Appointments

800.659.7822

Request an Appointment

Questions

800.659.7822

Contact us with Questions

Expand Content

Thoraco-Abdominal-Aneurysms

Video by Roy Greenberg, MD
Staff Surgeon, Department of Vascular Surgery
Director of Endovascular Research and the Cleveland Clinic Peripheral Vascular Core Laboratory

Specialties: Carotid artery surgery, thoraco-abdominal aortic repair/reconstruction, thoracic aortic aneurysm repair, abdominal aortic aneurysm repair, peripheral artery/vein repair/bypass surgery, aortic aneurysm stent repair, endovascular stent repair, endovascular stent research.

Hello. I’m Dr. Roy Greenberg, a vascular surgeon in the Miller Family Heart & Vascular Institute. Today, I’m going to talk about thoraco-abdominal aneurysms – what they are and how they are treated.

An aneurysm is an abnormal bulge in the wall of a blood vessel. Aneurysms can form in any blood vessel, but they occur most commonly in the aorta, which is the main blood vessel leaving the heart.

Thoraco-abdominal aneurysms, also known as TAAs, are a type of aneurysm that involves the aorta as it flows thru both the abdomen and chest.

Most TAAs are diagnosed incidentally, as there are rarely any noticeable symptoms. This has led them to be nicknamed the “silent killer.” TAAs are most frequent in males over the age of 65 who smoke or have a family history of cardiovascular or peripheral vascular disease, but can also occur in females and those without a history of vascular problems.

Thoracic aortic aneurysms are most related to atherosclerosis, a hardening of the arteries that damages the blood vessel walls. While your arteries are normally smooth on the inside, they can develop atherosclerosis as you age. When atherosclerosis occurs, a sticky substance called plaque builds up in the walls of the arteries. Whether the plaque build up in aneurysms is a cause of the aneurysm formation – or simply results from the abnormal blood flow patterns within an aneurysm remains to be determined.

TAAs are serious health risks because, depending on their location and size, the aneurysms may rupture or dissect, causing life-threatening internal bleeding. TAAs are the most complex type of aneurysms and treatment carries a risk of postoperative paralysis.

An aneurysm is treated depending upon its size, location and your overall health. Some small aneurysms are closely monitored by regular CT or MRI scans. However, large aneurysms, or those that are causing symptoms, require prompt treatment. The weakened section of the vessel can be surgically removed and replaced with a graft of artificial material. If the aneurysm is close to the aortic valve, a valve replacement may also be recommended during the procedure.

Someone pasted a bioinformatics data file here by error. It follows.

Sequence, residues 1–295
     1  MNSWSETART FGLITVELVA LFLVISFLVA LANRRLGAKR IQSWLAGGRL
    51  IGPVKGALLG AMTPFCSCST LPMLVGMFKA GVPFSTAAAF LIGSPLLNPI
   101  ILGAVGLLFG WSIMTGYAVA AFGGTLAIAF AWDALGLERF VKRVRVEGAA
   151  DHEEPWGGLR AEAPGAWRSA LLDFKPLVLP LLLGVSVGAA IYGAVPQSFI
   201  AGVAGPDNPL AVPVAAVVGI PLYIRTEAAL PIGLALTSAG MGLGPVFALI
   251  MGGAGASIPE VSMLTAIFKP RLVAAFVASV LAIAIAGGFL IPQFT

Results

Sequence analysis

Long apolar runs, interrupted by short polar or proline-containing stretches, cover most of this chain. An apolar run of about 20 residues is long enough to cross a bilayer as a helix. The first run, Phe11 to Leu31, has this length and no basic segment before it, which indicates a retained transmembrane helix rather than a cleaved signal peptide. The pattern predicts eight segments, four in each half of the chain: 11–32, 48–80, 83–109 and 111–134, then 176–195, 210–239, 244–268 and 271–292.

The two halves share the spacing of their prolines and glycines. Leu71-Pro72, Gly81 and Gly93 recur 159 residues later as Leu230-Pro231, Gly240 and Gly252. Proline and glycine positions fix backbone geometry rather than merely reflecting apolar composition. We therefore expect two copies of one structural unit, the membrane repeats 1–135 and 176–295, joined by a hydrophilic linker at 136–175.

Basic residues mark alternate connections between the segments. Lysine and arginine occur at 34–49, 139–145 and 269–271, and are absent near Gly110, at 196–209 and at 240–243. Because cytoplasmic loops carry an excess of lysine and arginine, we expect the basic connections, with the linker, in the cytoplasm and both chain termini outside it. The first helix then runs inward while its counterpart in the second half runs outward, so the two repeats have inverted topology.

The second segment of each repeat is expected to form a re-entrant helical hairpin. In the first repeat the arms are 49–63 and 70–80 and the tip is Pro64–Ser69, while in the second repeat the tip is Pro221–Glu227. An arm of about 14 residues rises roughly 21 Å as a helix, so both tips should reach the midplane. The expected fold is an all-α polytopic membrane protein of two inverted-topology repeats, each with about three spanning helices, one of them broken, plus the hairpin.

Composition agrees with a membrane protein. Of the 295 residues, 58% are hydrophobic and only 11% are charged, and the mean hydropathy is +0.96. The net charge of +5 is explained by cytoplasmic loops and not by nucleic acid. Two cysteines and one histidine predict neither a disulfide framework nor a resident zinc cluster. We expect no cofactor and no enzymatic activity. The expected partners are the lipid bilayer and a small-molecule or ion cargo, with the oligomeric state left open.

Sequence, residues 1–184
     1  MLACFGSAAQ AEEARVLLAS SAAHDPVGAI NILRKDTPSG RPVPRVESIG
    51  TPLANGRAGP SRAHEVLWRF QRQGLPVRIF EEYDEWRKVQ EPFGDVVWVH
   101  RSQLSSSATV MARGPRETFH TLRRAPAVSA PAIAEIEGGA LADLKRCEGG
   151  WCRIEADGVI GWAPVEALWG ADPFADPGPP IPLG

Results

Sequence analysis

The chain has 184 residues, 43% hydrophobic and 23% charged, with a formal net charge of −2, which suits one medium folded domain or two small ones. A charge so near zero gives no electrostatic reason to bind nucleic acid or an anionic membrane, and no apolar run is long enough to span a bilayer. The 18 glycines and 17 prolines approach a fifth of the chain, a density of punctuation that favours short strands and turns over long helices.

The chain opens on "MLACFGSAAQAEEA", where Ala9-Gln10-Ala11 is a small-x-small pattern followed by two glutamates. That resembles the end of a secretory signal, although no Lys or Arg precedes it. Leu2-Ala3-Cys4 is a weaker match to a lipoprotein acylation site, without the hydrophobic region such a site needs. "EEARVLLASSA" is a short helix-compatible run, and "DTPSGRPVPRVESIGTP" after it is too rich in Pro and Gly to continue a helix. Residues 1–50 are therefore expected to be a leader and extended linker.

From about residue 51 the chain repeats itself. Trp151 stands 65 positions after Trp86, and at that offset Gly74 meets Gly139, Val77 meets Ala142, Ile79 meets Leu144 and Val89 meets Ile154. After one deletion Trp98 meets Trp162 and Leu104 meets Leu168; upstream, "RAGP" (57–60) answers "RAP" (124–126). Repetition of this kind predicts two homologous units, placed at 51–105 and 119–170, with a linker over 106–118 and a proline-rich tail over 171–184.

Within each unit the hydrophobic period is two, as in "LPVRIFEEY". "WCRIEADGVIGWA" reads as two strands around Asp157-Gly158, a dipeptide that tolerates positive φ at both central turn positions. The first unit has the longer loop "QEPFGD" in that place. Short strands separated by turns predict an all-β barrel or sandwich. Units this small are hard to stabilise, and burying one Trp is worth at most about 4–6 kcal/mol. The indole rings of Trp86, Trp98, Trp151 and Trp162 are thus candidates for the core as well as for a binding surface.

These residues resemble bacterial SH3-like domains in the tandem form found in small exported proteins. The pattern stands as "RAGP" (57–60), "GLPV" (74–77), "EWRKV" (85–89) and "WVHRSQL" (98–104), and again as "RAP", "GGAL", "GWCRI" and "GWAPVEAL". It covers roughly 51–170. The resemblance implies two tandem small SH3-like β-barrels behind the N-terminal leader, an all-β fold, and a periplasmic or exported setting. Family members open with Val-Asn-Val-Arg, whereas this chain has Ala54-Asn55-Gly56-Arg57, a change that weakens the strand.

At Cleveland Clinic, our surgeons have extensive experience in repairing TAAs and are nationally known for publishing their findings. In addition, a great deal of pioneering work has been done in terms of device development to make the treatment for aneurysms less invasive. Specifically, our patients benefit from our knowledge on which type of repair will provide the best outcome and the fact that we can offer minimally invasive repairs not widely available.

For More Information


Reviewed: 04/11

Talk to a Nurse: Mon. - Fri., 8:30 a.m. - 4 p.m. (ET)

Call a Heart & Vascular Nurse locally 216.445.9288 or toll-free 866.289.6911.

Schedule an Appointment

Toll-free 800.659.7822

This information is provided by Cleveland Clinic and is not intended to replace the medical advice of your doctor or health care provider. Please consult your health care provider for advice about a specific medical condition.

© Copyright 2015 Cleveland Clinic. All rights reserved.

HealthHub from Cleveland Clinic

Read the Latest from Our Experts About » cctopics » Heart & Vascular Health
How Walking During Long Runs Can Improve Your Fitness
5/22/15 11:30 a.m.
A recent study found that periodically walking during long runs doesn’t cost you any benefits to your heart health -- and may even save some wear and tear on your muscles....
by Bone, Muscle & Joint Team
How Nurses Keep You Safe During Your Hospital Stay
5/20/15 8:33 a.m.
During your hospitalization, your nurse is the primary member of your caregiver team who will monitor your safe...
Are You Eating Good Fats or Bad Fats? (Infographic)
5/19/15 8:00 a.m.
For years, we’ve heard that saturated fat is bad for our hearts and that unsaturated fat is good. But exp...
Can You Prevent Narrowing of Your Aortic Valve? (Video)
5/18/15 8:20 a.m.
We’ve suspected for some time that high cholesterol is one of the risk factors for developing aortic sten...
11 Conditions You Can Develop If You Have Psoriatic Arthritis
5/14/15 9:00 a.m.
If you have psoriatic arthritis, the inflammatory arthritis that occurs with the chronic skin condition of psor...